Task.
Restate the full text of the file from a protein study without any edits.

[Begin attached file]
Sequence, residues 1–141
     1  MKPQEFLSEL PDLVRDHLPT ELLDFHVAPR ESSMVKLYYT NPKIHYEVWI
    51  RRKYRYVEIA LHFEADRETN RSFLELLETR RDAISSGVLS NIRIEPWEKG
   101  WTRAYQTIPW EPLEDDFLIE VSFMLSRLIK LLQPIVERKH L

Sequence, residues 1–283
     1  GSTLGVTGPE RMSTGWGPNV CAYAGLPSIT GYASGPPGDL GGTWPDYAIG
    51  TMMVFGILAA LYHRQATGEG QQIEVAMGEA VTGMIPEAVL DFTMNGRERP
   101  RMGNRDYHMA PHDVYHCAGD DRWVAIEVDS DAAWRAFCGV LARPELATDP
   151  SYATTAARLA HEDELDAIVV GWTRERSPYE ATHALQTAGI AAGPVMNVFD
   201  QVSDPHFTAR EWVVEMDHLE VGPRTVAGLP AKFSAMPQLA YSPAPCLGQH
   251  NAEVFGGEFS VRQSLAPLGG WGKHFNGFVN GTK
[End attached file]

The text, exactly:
Sequence, residues 1–141
     1  MKPQEFLSEL PDLVRDHLPT ELLDFHVAPR ESSMVKLYYT NPKIHYEVWI
    51  RRKYRYVEIA LHFEADRETN RSFLELLETR RDAISSGVLS NIRIEPWEKG
   101  WTRAYQTIPW EPLEDDFLIE VSFMLSRLIK LLQPIVERKH L

Sequence, residues 1–283
     1  GSTLGVTGPE RMSTGWGPNV CAYAGLPSIT GYASGPPGDL GGTWPDYAIG
    51  TMMVFGILAA LYHRQATGEG QQIEVAMGEA VTGMIPEAVL DFTMNGRERP
   101  RMGNRDYHMA PHDVYHCAGD DRWVAIEVDS DAAWRAFCGV LARPELATDP
   151  SYATTAARLA HEDELDAIVV GWTRERSPYE ATHALQTAGI AAGPVMNVFD
   201  QVSDPHFTAR EWVVEMDHLE VGPRTVAGLP AKFSAMPQLA YSPAPCLGQH
   251  NAEVFGGEFS VRQSLAPLGG WGKHFNGFVN GTK